A few months ago I had a discussion with a friend of mine, whom I'll call Bob, who was concerned about paying for his child's education costs if and when he went off to college. Bob had been divorced a couple of years and his son was in first grade at the time of our conversation.
Bob has his own business and does pretty well financially, but he isn't a millionaire by any stretch of the imagination. He told me that he hoped that his son would get some sort of scholarships down the road, but due to his above average income, the child probably wouldn't be eligible for any financial aid when the time came. I agreed with him on this point.
One of the first things we did was run an estimate* of how much a four year college would cost 12 years out. When I say "estimate", it truly is just that, because there are so many variables like the following:
- Will the child go to a public or private college?
- Will the school be in state or out of state?
- What if the child decides to get an associates degree at a 2-year school?
- What if the child doesn't go to school at all?
During this discussion I asked Bob if he had any life insurance, which he did. He had a term life policy that covered the mortgage on his house and his ex-wife was the beneficiary due to the court determining this at the time of their divorce.
This is when I brought up using life insurance as a college savings plan. The reason I like to consider this is because it takes care of two problems at once. First, Bob needed additional life insurance as his term policy was not enough cover the cost of college for his son if he were to die too soon. Secondly, the cash value inside the policy would not need to be disclosed on any financial aid applications.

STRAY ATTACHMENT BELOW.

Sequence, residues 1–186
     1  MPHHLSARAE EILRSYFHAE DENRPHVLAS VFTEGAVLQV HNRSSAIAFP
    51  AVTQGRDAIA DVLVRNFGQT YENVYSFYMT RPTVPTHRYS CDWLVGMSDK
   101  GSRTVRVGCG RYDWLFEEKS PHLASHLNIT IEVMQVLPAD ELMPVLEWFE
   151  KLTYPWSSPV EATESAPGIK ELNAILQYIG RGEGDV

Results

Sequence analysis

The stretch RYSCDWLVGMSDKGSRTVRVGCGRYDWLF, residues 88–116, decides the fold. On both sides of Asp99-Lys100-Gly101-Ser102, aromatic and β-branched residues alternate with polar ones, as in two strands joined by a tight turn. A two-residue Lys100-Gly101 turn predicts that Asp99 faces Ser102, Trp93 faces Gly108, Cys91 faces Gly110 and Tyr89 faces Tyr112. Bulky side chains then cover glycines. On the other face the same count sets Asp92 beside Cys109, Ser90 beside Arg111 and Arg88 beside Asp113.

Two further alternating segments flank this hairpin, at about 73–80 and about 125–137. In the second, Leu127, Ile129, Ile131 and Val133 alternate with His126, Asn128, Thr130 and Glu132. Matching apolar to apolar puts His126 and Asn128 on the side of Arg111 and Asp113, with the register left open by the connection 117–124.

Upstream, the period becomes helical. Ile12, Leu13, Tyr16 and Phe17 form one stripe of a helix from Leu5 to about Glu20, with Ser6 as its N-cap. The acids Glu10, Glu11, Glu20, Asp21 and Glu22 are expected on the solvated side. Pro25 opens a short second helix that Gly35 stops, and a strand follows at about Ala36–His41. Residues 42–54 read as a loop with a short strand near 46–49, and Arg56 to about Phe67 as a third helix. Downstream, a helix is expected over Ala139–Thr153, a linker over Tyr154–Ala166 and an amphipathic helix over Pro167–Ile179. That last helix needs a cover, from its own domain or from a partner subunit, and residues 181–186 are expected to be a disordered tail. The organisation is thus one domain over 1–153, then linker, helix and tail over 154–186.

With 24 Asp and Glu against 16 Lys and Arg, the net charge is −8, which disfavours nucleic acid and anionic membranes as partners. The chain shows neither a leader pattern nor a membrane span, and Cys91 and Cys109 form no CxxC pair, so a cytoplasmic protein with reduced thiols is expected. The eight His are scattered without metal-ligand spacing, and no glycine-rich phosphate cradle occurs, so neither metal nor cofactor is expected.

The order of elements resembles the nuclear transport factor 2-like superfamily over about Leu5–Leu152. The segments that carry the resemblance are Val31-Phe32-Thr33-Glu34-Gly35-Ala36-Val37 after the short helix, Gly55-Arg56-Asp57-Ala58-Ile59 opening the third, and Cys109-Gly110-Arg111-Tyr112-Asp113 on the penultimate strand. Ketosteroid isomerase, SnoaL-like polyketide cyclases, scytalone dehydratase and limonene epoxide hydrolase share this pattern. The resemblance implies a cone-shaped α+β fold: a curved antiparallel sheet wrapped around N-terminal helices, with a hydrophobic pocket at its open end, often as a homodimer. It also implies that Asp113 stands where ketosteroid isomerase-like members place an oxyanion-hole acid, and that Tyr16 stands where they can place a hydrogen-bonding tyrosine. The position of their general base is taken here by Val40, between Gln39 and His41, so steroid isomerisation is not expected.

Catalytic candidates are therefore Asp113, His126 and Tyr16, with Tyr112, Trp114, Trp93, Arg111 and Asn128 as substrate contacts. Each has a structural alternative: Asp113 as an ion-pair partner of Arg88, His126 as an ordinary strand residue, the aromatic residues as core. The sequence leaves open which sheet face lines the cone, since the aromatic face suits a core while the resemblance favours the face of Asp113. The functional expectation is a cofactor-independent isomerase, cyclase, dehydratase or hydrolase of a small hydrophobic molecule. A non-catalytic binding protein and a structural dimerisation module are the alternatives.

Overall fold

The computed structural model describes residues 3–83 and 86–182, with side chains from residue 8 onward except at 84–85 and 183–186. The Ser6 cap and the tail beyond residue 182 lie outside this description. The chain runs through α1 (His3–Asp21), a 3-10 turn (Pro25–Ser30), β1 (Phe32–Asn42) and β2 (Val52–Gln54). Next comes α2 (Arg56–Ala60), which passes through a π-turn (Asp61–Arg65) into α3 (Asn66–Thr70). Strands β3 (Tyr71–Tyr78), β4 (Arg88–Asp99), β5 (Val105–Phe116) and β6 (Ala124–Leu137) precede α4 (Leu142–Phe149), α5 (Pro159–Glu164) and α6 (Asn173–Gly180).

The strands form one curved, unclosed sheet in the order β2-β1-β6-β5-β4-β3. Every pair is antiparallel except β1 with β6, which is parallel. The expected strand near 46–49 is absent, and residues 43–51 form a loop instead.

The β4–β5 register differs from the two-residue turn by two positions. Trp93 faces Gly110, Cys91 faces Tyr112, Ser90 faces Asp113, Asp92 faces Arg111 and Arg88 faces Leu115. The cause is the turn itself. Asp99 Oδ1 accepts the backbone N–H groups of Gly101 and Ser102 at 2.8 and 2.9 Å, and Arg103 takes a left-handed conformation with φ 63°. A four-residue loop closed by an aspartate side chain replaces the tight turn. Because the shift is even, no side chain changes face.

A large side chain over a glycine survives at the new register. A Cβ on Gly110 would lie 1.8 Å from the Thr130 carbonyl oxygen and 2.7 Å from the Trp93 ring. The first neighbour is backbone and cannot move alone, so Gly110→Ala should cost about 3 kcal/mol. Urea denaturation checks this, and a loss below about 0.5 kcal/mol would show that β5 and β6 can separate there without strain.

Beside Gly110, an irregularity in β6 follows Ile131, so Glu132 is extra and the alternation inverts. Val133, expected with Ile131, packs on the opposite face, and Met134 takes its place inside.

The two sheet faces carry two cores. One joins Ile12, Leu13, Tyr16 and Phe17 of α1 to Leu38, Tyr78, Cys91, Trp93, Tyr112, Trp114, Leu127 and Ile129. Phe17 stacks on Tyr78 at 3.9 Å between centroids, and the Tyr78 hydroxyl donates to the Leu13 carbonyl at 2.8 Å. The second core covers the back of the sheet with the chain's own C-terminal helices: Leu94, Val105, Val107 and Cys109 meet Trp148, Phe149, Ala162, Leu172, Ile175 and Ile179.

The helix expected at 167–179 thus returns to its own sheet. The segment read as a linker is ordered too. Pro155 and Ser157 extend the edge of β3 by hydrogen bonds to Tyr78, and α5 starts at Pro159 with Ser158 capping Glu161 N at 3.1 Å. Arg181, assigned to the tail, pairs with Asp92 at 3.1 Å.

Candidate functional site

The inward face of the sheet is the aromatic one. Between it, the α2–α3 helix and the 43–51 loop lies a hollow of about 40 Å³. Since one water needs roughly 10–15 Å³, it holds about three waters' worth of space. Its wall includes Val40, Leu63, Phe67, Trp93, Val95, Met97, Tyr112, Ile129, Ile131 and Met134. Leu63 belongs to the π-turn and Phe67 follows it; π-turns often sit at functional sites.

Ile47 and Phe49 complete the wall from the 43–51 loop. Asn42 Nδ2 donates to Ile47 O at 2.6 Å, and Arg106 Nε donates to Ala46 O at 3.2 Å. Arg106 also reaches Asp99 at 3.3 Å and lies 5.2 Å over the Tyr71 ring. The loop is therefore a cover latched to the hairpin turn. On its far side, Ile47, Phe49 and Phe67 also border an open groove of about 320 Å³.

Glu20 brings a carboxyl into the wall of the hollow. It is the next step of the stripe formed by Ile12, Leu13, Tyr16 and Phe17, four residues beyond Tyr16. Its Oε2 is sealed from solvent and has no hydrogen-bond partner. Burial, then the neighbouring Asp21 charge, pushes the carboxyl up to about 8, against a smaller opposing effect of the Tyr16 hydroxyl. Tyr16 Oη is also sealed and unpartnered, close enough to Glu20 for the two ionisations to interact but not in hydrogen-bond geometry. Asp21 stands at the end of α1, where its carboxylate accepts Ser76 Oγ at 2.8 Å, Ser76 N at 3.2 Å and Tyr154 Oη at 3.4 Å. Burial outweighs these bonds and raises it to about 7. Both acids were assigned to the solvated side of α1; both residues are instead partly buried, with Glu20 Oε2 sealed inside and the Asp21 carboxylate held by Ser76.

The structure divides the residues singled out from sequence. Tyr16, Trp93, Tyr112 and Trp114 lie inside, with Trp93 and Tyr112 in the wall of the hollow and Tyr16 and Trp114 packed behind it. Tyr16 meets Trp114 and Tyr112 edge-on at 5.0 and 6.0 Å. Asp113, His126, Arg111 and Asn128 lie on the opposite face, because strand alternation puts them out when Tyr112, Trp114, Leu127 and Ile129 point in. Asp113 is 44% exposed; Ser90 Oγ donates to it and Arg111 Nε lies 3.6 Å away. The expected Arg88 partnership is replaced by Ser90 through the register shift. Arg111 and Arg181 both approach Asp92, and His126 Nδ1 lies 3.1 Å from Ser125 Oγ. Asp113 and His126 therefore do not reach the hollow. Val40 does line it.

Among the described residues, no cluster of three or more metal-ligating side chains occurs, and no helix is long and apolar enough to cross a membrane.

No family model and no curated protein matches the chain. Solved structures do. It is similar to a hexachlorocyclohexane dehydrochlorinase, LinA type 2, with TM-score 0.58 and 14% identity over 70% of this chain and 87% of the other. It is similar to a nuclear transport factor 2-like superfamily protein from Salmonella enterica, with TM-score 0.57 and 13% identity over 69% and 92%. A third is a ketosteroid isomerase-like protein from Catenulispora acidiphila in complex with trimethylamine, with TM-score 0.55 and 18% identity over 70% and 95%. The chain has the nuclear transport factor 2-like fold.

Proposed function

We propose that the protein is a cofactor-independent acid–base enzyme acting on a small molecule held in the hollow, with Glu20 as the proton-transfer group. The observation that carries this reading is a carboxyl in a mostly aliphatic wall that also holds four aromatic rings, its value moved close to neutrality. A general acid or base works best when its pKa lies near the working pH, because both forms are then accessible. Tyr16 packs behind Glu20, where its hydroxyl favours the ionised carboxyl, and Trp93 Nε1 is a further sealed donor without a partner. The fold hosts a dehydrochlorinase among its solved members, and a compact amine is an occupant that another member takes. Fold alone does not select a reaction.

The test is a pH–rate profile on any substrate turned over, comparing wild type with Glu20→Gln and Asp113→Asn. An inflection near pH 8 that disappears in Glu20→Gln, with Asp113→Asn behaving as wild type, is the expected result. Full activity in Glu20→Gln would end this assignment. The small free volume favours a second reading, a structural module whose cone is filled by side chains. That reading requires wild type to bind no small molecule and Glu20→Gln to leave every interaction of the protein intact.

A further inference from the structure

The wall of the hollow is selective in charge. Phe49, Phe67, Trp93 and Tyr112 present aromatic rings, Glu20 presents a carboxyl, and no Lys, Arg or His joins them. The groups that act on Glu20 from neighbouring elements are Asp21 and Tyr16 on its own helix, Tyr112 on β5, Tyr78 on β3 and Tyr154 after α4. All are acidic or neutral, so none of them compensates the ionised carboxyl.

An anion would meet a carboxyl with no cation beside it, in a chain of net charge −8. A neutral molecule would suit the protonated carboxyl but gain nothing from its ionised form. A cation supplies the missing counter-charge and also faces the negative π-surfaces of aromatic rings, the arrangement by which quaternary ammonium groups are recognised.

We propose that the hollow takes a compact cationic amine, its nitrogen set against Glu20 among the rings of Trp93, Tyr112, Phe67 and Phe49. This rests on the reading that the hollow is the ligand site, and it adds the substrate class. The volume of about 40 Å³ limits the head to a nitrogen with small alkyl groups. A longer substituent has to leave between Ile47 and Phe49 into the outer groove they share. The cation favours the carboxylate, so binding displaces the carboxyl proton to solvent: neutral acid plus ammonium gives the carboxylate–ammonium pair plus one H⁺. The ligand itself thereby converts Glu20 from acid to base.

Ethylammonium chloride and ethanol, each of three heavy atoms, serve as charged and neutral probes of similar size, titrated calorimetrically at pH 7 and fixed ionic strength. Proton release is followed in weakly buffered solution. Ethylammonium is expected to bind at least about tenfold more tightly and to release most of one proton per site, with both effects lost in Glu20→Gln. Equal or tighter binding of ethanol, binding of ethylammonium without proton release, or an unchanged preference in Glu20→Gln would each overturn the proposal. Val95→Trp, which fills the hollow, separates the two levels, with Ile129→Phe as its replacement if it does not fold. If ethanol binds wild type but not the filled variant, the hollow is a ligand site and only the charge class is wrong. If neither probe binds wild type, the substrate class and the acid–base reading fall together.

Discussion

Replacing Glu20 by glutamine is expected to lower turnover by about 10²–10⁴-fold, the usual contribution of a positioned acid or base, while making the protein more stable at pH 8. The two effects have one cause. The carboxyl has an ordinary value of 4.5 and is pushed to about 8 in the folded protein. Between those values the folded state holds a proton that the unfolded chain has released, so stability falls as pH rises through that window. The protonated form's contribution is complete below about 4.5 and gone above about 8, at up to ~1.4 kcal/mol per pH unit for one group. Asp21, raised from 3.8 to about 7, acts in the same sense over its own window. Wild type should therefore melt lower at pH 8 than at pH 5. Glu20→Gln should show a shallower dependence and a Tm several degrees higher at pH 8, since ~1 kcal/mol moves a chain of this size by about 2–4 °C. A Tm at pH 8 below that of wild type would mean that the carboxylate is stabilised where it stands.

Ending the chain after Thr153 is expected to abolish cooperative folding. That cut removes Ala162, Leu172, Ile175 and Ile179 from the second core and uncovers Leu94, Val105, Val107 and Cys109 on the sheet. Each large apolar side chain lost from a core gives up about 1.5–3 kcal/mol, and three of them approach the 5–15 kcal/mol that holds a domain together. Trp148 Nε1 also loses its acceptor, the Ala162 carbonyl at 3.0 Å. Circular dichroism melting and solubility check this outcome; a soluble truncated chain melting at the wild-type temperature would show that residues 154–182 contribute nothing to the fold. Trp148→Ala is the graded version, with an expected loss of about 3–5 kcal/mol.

He agreed to look at some numbers. We had planned on taking money out of the policy during his son's freshman year, but a phone call gave us another strategy. My friend at the insurance company suggested a strategy where Bob's son apply for college loans. Since the loans wouldn't be due until he graduated, he could pay them back then with little to no interest in full. By waiting until the child was out of college to repay the loans, the cash value would have an additional four years to build cash value.
Because Bob was healthy and an non-smoker, he was able to get more "bang for his buck" out of the policy. After some consideration, Bob and I agreed that the best way forward was to use an indexed universal life insurance plan, as a whole life plan would cost more and not build cash value as quickly.
Another reason we liked the plan was that if the child, for some reason, didn't need the money, Bob could use the cash value to supplement his own retirement or take advantage of the living benefits** if he were to become chronically ill.
If you have questions regarding using life insurance while you are living, drop us a note. In the meantime, please stay healthy!
*There are many calculators out there that can help you estimate the future costs of your child's education. We recommend this one.
**Living benefits are not available on all plans but were included at no extra charge in this case.
Chris Castanes is the president of Surf Financial Brokers, helping people find affordable life, disability, long term care, cancer, accident and other insurance coverages in North Carolina, South Carolina, Virginia, Tennessee and Georgia. He's also is a professional speaker helping sales people be more productive and efficient, and has spoken to professional and civic organizations throughout the Southeast. And please subscribe to this blog!